Granite head of Amenemhat III
From the Temple of Bastet, Bubastis,
12th Dynasty, around 1800 BC
From a colossal statue in a temple
The city of Bubastis was well known in Greek times; it is described by the Greek historian Herodotus (about 485-425 BC). The city was the centre of the cult of the cat goddess Bastet, and the residence of the kings of the Twenty-second Dynasty (about 945-715 BC), the so-called 'Libyan' rulers. However, the remains in the British Museum suggest that its history stretches back much farther, although there is a slight possibility that some monuments were moved to Bubastis by later rulers, as happened at Tanis.
This head comes from one of two large seated statues of Amenemhat III (1854-1808 BC) that flanked the entrance to the temple at Bubastis. Fragments of the lower part of this statue are also in the British Museum, while the head of the second statue is now in the Cairo Museum. Temples were often flanked by pairs of colossal statues, the best example being the so-called Colossi of Memnon at the entrance to the Temple of Amenhotep III (1390-1352 BC).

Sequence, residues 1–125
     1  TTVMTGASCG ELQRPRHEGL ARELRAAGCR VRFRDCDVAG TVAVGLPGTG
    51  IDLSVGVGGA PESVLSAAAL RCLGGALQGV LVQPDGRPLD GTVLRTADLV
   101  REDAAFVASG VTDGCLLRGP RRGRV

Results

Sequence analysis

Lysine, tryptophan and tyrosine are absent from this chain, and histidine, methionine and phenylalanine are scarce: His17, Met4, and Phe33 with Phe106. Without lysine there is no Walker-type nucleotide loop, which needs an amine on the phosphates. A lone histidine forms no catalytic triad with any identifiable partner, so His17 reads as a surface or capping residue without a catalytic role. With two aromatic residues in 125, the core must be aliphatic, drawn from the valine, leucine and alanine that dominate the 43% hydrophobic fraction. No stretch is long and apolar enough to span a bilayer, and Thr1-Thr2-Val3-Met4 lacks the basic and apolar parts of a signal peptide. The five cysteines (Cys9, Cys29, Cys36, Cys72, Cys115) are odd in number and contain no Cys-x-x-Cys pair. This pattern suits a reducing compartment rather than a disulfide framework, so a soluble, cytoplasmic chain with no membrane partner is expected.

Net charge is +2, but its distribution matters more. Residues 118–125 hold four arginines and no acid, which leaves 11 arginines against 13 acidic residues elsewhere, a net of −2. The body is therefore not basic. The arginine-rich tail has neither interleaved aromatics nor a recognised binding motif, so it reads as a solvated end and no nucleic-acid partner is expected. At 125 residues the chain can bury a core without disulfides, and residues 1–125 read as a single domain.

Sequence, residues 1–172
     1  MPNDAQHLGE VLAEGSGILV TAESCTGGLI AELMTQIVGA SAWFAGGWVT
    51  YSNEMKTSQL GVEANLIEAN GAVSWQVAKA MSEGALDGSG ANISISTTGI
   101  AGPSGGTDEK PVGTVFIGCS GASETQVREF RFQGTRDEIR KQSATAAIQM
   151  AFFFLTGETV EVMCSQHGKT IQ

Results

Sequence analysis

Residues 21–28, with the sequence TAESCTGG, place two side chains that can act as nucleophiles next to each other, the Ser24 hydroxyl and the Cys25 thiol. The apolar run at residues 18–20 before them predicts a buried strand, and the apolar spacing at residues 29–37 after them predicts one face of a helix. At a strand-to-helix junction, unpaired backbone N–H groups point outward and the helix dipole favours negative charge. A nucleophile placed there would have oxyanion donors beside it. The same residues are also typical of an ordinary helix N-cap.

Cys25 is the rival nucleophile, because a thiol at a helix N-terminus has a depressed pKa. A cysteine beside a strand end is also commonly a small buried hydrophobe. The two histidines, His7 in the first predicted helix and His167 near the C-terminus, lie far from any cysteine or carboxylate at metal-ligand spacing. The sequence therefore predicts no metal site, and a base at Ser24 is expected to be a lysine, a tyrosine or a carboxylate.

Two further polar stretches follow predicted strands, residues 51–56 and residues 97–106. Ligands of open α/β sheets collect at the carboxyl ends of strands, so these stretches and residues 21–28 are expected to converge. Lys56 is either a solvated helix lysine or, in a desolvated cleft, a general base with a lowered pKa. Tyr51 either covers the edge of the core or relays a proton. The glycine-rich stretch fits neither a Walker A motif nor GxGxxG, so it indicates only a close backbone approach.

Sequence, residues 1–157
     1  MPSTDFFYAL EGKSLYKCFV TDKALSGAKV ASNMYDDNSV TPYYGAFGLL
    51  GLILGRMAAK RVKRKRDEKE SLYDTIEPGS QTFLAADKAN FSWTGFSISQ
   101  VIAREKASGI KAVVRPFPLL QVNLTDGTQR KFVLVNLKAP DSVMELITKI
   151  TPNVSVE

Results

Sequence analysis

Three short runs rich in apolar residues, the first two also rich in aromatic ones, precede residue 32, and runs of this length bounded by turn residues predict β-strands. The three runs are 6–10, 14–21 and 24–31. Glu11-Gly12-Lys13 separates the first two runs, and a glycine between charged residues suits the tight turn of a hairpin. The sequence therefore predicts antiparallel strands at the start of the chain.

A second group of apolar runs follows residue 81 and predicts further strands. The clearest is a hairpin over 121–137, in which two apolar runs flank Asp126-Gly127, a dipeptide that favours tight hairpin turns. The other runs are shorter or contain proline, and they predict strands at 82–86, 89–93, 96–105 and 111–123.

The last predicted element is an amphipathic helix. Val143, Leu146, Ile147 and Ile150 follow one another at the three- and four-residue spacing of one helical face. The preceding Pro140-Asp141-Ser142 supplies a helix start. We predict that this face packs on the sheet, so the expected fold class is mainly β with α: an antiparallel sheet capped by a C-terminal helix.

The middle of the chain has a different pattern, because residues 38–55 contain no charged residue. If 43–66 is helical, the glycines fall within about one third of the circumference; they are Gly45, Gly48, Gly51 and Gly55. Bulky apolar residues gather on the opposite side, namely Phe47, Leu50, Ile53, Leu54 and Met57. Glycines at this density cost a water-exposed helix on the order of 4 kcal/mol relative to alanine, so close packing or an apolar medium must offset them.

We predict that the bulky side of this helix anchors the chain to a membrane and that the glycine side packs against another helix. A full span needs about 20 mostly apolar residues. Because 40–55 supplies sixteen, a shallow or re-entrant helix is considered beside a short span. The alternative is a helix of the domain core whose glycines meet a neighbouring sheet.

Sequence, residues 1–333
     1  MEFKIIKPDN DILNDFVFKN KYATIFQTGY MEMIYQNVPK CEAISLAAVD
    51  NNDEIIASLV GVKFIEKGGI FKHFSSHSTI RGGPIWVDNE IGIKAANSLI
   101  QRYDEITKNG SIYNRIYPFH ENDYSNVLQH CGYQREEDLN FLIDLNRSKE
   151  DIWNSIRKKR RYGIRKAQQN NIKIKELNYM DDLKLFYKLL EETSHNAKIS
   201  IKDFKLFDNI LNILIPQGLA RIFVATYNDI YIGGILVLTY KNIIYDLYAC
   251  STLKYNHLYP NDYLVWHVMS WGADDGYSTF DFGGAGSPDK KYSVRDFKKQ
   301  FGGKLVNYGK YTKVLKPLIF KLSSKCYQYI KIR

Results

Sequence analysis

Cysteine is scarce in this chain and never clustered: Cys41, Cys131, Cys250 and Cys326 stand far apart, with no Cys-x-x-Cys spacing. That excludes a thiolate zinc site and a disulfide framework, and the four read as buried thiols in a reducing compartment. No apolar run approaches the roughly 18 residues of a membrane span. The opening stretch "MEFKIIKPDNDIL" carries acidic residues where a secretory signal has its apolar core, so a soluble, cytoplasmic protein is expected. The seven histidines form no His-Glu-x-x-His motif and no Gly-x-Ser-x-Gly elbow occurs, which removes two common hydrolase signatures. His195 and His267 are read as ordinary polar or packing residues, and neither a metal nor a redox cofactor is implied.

The names of the original owners of the statues have been replaced by others, the last of which was Osorkon II (about 874-850 BC) of the Twenty-second Dynasty.
T.G.H. James and W.V. Davies, Egyptian sculpture (London, The British Museum Press, 1983)
E.R. Russmann, Eternal Egypt: masterworks of (University of California Press, 2001)
E. Naville, Bubastis (London, Egypt Exploration Fund, 1891)
T.G.H. James, Ancient Egypt: the land and it (London, 1988)